Last night, the fourth season of Drunk History premiered on Comedy Central. The premise of the show is simple: Someone, usually a comedian or talented storyteller, drinks way too much on camera and then attempts to tell a story from American history in a more entertaining, much less coherent way than a textbook might. On the show, these stories are paired with reenactments by professional actors in costume, set to the dubbed words of the original storyteller.
Watching the season premiere, I was struck again by something that continues to be a glaring problem with the program: It seems like it features almost entirely white dudes. Last night, for example, the show starred Duncan Trussell, Steve Berg, and Doug Jones—all comedians, and all white men.
We are told in school that history is written by the victors. If you lose the war, your story might be told among your people, but the nuance of it will get lost. The winners write the textbooks and teach the classes and decide which narratives matter, which pieces of history will make up the legacy left behind.
Of course, Drunk History is a far cry from an extensively researched academic text. But representation matters, no matter where history is being told—even if it's being told on TV, for laughs, by someone who just downed an ungodly amount of whiskey. So often, the stories we hear are told by a very specific type of people, people with the privilege to do so: notably the literate, the wealthy, and those with leisure time. In American history, those people have typically been white men. So in honor of Drunk History’s fourth season, we took a look at just who gets to tell the show's stories:
With 61 out of 94 hosting spots, white men
This does not mean that the producers of Drunk History are intentionally sidelining the voices of women and people of color. It's much more likely that they just defaulted into using white men who they knew personally both of the creators of Drunk History are themselves white men. One of them, Derek Waters, told Vox earlier this week: "Most of the narrators I know pretty well, so I know the types of stories they like, and then I present them with three or four stories that we’re definitely going to do this season and let them pick which one of those that they really attach to."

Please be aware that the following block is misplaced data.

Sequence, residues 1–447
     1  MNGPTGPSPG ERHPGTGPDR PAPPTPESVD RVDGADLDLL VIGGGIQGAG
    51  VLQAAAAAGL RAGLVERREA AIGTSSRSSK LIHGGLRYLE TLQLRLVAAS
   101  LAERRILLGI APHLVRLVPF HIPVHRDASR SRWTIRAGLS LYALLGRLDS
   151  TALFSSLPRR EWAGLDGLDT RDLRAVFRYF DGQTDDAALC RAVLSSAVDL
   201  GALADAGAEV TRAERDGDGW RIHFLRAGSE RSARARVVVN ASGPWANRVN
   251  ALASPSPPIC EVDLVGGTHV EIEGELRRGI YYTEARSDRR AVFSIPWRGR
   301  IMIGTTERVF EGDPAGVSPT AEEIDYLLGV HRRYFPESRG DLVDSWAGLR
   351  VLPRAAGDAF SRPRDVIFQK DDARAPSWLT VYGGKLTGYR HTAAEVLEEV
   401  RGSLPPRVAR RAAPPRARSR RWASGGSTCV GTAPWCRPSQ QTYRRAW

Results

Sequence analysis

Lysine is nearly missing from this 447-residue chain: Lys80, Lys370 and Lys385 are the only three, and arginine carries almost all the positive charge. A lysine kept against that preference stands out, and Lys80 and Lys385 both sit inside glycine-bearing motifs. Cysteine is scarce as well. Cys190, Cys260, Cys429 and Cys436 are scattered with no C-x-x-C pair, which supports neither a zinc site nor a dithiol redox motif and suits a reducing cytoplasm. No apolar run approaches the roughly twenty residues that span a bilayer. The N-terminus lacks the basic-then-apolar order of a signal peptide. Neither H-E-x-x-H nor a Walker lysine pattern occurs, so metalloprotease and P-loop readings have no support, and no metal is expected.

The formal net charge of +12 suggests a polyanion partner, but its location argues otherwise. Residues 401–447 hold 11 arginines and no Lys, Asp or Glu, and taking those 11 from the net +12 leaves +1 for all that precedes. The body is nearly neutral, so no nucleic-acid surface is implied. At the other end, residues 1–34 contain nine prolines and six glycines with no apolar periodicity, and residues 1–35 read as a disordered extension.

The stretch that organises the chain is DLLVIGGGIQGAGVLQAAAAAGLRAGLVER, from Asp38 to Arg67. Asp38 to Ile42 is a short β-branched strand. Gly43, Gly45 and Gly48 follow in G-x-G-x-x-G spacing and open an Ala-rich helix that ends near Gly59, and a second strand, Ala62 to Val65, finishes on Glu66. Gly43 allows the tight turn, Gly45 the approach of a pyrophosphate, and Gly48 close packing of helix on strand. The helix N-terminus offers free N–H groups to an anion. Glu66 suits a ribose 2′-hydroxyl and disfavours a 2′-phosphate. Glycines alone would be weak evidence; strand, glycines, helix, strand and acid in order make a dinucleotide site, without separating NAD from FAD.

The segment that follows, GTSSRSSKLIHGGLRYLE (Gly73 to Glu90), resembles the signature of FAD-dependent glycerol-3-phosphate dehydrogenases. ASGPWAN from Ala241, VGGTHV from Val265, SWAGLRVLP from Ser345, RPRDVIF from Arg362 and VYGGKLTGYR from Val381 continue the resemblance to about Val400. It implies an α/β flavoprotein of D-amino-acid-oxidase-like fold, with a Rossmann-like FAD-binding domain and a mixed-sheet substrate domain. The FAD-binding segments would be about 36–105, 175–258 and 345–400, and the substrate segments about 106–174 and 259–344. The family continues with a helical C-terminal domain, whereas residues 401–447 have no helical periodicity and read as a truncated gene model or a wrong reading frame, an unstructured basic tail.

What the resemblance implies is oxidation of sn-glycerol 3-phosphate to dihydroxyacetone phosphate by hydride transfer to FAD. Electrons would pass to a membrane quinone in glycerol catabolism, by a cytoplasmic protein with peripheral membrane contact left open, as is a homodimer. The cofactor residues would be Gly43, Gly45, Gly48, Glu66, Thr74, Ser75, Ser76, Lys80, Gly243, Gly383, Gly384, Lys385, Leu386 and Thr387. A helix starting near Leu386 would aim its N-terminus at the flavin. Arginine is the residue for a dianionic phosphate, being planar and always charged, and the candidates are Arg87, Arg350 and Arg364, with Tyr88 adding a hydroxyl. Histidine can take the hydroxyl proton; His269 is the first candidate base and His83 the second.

It makes sense that most of the early hosts would be friends of the creators, especially given that this project started as a web series. So I decided to take a look at whether or not these ratios have changed throughout the three seasons of the show. (Comedy Central did not respond to requests for comment before the publication of this piece)
What I found was that the raw number of women and people of color grew every season, though not enough to overtake the percentage of white men. On first look, it seems like there are drastic increases in every people group (including white men). That's because every season of Drunk History has had more episodes than the last. There are more women and people of color in each season, but the percentage change is less drastic than the chart looks. White women, for example, went from occupying 25% of hosting positions in season one to 30% in season three even though season one only had 6 white women and season three had 12.
Whether by intention or by accident, white men have had their reign diminished on the show taking up 71% of the hosting seats in season one, 66% in season two, and only 58.9% in season three. That's still not a number to brag about, but it's definitely progress.
Each episode generally features three people telling three different stories. What's interesting is that even though white men make up more than half of the hosts, only nine of the total 32 episodes aired (including the season four premiere) featured only white male hosts. One episode (episode 18) featured all women. No episodes featured all women of color.
That hints at some effort on the part of the Drunk History showrunners, especially because they have already announced the inclusion of Tymberlee Hill, a black woman, and Lin-Manuel Miranda, a Latino man, in upcoming season four episodes. But they have a long way to go before the people telling the stories of American history look like the people who make up America. Ultimately, though, I guess nothing screams history like stories told by a bunch of white dudes.
Kelsey McKinney is a culture staff writer for Fusion.